Antidepressant medication for postpartum depression
Antidepressant medication can provide effective treatment
for women with
postpartum depression, including those who are
breast-feeding. Your health professional may start you out with a low dose to
help you adjust to the medication.
Selective serotonin reuptake inhibitors (SSRIs). An SSRI is usually the preferred
medication for treating postpartum depression. Certain SSRIs are commonly
prescribed for breast-feeding women and pose no known risks to their babies.
SSRIs usually take 4 to 8 weeks to improve depression; postpartum women tend to
Tricyclic antidepressants. Most tricyclics have not caused
problems in breast-feeding babies and are not passed on to a breast-feeding
baby in measurable amounts.2, 1
Nortriptyline has been studied the most for breast-feeding mothers.3 Doxepin (Sinequan, Zonalon) is not recommended for
You may start to feel better within 1 to
3 weeks of taking antidepressant medicine. But it can take as many as 6 to 8
weeks to see more improvement. If you have questions or concerns about your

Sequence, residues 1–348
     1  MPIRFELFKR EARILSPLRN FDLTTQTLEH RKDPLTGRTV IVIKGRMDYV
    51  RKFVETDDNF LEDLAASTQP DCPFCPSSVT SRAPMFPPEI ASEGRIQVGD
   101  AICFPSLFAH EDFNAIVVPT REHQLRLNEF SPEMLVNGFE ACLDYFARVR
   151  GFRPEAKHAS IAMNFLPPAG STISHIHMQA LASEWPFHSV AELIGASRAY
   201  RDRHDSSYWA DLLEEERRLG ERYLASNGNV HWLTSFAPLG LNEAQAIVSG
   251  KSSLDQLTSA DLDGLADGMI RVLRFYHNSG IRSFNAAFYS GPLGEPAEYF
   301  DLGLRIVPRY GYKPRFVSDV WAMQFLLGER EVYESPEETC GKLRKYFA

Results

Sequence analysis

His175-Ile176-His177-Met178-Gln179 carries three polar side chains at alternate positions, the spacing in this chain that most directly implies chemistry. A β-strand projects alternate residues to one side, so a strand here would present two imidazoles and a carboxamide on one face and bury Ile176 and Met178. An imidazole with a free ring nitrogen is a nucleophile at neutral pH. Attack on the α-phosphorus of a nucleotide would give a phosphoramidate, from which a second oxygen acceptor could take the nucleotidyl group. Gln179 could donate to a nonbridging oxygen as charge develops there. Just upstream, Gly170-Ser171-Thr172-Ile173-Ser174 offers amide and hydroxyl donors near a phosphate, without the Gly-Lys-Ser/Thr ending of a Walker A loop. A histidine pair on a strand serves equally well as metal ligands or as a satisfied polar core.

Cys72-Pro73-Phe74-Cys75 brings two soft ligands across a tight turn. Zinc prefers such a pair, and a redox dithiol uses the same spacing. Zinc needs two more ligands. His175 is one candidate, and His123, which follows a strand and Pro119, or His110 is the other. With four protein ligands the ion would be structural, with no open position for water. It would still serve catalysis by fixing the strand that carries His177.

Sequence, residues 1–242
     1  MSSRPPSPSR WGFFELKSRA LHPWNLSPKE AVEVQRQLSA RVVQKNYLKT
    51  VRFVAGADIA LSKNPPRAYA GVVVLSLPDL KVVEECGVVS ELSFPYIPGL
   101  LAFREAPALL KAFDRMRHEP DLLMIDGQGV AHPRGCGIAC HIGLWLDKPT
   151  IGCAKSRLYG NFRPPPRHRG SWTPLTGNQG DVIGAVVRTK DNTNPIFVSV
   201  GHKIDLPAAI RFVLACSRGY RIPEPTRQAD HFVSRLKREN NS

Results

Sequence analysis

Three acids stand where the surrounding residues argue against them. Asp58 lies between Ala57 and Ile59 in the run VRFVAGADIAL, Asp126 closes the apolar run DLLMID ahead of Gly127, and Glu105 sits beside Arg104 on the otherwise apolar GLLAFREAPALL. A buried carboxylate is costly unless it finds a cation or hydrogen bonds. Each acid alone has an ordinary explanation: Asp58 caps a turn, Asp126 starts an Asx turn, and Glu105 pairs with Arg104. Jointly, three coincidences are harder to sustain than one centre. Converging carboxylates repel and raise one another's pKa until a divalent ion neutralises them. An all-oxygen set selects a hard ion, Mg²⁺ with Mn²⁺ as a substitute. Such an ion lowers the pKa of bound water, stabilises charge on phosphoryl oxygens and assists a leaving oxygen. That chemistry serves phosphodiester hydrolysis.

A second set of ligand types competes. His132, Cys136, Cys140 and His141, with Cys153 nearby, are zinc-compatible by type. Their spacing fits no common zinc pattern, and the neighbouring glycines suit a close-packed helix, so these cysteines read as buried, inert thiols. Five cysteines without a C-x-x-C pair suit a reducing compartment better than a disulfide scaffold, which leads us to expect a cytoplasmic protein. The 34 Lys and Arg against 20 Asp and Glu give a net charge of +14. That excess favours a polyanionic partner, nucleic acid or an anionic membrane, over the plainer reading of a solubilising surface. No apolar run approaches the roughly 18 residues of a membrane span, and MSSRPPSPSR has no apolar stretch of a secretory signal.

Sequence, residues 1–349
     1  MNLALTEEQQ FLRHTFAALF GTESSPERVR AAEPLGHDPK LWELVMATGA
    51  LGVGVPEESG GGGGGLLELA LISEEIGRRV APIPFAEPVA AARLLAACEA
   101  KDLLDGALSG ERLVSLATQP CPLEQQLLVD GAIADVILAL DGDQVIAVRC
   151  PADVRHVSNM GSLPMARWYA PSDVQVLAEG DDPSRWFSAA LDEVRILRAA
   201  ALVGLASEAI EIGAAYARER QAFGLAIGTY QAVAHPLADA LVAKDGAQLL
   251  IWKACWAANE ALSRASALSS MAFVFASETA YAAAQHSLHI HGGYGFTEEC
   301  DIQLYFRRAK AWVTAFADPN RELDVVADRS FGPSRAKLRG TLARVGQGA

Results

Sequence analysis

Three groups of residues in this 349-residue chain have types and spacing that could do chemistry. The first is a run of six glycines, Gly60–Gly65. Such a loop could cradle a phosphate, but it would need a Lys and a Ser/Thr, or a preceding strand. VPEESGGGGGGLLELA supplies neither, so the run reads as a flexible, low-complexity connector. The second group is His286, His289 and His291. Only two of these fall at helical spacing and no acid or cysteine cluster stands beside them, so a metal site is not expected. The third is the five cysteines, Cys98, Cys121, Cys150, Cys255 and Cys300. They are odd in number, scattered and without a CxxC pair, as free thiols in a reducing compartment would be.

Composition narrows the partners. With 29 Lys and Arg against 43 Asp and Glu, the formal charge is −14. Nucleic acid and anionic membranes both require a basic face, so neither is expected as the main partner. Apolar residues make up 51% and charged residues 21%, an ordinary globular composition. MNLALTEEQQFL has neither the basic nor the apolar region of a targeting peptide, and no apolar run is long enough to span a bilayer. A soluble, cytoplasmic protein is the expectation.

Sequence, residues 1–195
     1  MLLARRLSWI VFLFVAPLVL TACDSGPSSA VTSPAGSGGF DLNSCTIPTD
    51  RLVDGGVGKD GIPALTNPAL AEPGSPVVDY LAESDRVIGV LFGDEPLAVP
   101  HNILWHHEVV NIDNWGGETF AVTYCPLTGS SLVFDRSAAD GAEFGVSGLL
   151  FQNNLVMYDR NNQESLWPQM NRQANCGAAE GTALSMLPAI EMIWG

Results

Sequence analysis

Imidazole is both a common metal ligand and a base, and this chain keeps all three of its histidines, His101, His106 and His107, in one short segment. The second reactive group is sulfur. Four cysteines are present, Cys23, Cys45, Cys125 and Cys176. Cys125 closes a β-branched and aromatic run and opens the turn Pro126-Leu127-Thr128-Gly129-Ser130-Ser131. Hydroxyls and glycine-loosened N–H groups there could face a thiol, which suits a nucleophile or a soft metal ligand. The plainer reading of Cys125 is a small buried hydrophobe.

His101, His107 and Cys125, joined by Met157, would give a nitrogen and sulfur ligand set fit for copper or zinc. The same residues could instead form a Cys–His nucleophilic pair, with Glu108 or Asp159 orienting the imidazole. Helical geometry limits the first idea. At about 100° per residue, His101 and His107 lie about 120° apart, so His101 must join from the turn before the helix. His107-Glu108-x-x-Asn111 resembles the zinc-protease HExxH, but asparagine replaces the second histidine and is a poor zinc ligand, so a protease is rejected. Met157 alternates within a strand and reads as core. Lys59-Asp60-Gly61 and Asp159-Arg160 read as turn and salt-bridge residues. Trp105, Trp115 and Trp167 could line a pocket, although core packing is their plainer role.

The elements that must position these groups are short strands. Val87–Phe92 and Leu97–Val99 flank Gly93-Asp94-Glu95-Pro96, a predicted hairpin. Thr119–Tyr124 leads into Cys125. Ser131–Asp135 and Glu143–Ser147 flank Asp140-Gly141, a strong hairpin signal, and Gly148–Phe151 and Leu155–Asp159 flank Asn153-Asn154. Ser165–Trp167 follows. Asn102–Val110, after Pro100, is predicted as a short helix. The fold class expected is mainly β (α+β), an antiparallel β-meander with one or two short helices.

medicines, or if you do not notice any improvement by 3 weeks, talk to your
Antidepressants are used for at least 6 months, first to
treat postpartum depression, and then to prevent a relapse of symptoms. Experts
recommend long-term antidepressant treatment—up to a year—for women who have
had three or more depressive episodes in the past.1
FDA Advisories. The U.S.
Food and Drug Administration (FDA) has issued:
A warning on the antidepressants Paxil and Paxil
CR (paroxetine) and birth defects. One new study showed that women who took
Paxil during their first 12 weeks of pregnancy had a slightly higher chance of
having a baby with birth defects.
The U.S. Food and Drug
Administration (FDA) has issued an
advisory on antidepressant medicines and the risk of
suicide. The FDA does not recommend that people stop using these medicines.
Instead, a person taking antidepressants should be watched for
warning signs of suicide. This is especially important
at the beginning of treatment or when the doses are changed.
Wisner KL, et al. (2002). Postpartum depression.
New England Journal of Medicine, 347(3): 194–199.
Brockingham I (2004). Postpartum psychiatric
disorders. Lancet, 363(9405): 303–310.
Weissman AM, et al. (2004). Pooled analysis of
antidepressant levels in lactating mothers, breast milk, and nursing infants.
American Journal of Psychiatry, 161:
How this information was developed to help you make better health decisions.